May 20, 2009, on this blog: Hell and the Credit-Card Lobby
Something like this notion of the deterrent value of Hell is frequently suggested as an objection to my initial statement in this post, that I don’t believe in Hell as a place of infinite and eternal torment. “But without Hell,” this objection goes, “why should anyone be good?”
To their credit, almost none of the devout people raising this objection really means it. They are not, themselves, shaped and driven primarily by the fear of punishment. Such a fear is neither necessary nor sufficient to explain their own belief in the obligation to be and to do good, to love, to do justice or to correct injustice. The fear of Hell is, for them personally, scarcely a motivating factor at all. Their motivation is more like what 1 John says, “We love God because God first loved us,” and not the terrorized and traumatized mutilation of that scripture, “We love God because God will burn us forever and ever if we don’t.”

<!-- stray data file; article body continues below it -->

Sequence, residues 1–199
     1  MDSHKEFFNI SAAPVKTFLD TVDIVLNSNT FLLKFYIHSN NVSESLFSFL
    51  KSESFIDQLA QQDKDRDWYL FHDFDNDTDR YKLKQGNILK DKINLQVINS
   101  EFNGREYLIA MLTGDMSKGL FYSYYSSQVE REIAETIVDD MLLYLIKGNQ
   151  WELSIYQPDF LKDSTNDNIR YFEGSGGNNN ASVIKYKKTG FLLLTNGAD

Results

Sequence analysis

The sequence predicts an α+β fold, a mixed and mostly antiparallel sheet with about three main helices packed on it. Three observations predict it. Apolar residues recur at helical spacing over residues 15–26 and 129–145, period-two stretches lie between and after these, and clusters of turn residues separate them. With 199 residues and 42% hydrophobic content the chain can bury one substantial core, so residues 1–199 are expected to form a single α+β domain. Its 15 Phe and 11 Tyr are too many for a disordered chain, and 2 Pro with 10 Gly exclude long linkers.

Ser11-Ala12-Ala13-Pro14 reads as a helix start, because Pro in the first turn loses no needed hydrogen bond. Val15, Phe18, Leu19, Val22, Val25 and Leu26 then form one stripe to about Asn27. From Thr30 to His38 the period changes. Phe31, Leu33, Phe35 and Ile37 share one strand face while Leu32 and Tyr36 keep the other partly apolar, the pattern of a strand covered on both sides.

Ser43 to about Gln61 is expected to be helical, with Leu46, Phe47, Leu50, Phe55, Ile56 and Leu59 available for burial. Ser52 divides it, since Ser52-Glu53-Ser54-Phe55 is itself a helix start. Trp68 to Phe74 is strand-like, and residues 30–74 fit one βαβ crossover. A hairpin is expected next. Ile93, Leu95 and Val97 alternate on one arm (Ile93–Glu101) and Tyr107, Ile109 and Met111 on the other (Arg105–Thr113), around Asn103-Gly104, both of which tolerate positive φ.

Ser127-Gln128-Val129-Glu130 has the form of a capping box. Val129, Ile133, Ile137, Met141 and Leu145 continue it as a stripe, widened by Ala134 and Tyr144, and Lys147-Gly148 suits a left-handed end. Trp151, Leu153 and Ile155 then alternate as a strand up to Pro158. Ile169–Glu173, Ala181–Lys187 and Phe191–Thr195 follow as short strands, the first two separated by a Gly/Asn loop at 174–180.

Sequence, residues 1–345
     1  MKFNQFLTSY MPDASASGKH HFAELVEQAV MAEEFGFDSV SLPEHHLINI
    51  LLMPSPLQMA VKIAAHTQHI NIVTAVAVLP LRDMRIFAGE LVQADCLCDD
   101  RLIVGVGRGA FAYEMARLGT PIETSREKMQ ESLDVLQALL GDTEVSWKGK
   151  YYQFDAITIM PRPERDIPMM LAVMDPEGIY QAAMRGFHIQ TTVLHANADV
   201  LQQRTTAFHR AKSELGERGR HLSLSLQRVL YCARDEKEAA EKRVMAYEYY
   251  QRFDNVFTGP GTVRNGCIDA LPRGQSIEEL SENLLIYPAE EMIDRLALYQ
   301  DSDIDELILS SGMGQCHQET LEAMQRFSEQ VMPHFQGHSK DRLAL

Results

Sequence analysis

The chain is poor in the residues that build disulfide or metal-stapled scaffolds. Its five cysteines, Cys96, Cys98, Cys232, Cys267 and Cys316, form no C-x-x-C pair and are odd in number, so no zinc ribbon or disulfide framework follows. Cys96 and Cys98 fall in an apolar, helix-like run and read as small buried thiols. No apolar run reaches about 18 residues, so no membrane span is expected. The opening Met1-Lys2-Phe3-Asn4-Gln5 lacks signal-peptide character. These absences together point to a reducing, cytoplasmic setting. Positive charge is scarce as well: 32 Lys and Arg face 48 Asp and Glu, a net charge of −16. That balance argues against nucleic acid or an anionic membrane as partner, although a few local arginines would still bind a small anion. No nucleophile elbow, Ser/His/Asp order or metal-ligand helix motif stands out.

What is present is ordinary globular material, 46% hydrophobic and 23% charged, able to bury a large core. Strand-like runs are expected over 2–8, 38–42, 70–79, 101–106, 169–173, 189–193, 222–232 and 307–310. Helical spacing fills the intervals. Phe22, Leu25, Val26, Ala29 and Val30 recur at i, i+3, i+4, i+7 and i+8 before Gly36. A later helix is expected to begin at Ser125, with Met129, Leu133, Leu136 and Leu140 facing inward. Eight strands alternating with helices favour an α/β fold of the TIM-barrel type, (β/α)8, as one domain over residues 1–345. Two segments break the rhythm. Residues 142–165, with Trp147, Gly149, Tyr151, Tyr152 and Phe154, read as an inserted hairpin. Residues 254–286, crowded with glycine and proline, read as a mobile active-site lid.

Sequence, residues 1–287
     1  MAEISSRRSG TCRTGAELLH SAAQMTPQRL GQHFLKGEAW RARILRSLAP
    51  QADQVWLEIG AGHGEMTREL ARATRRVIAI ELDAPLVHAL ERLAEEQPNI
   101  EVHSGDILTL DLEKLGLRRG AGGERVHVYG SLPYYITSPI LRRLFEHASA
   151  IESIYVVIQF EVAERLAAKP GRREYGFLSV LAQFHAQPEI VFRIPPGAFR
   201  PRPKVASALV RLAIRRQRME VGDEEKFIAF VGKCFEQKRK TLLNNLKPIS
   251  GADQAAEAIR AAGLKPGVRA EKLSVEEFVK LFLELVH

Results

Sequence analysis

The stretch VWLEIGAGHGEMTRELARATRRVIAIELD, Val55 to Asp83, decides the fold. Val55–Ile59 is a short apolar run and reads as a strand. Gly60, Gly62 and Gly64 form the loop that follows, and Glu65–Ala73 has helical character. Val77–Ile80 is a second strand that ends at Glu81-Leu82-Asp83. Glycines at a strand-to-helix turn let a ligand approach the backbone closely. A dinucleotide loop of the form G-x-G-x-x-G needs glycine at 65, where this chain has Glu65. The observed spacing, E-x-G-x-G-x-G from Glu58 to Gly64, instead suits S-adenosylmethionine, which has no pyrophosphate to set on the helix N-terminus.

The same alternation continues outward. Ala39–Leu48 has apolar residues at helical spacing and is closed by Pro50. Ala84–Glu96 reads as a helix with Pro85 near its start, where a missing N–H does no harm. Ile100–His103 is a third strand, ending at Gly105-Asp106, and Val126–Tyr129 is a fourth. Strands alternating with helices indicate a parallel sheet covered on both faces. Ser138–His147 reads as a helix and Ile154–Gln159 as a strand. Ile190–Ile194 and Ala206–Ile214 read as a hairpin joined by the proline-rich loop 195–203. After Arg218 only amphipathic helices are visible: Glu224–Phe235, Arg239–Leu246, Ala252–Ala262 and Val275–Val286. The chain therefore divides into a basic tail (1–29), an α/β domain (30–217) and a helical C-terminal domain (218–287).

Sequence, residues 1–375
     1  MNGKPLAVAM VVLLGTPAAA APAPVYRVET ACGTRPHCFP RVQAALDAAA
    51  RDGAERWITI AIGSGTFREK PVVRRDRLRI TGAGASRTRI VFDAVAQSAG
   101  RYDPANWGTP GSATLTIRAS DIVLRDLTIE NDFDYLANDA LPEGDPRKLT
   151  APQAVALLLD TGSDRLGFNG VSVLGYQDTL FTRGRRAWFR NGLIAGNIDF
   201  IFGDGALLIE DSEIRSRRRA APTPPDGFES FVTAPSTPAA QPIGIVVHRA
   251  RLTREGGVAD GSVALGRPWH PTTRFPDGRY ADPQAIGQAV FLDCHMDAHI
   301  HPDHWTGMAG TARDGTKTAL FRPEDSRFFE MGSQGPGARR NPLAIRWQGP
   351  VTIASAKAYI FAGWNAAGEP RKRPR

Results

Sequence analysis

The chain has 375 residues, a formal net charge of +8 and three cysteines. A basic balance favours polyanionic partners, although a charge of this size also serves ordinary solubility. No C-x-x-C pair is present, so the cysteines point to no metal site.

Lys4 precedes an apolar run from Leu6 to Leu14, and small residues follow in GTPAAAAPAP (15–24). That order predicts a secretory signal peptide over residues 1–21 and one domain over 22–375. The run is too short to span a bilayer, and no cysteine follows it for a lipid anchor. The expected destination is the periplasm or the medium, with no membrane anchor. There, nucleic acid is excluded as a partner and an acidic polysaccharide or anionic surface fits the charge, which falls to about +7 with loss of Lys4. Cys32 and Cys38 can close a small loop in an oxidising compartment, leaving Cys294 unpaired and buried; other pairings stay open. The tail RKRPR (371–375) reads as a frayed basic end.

So it’s telling that the main advocates of the idea of Hell as a deterrent are not themselves influenced by that deterrent at all.
Nor, unfortunately, are those who really need to be — the usurers, the torturers, the tyrants, abusers, enslavers, despoilers or predators.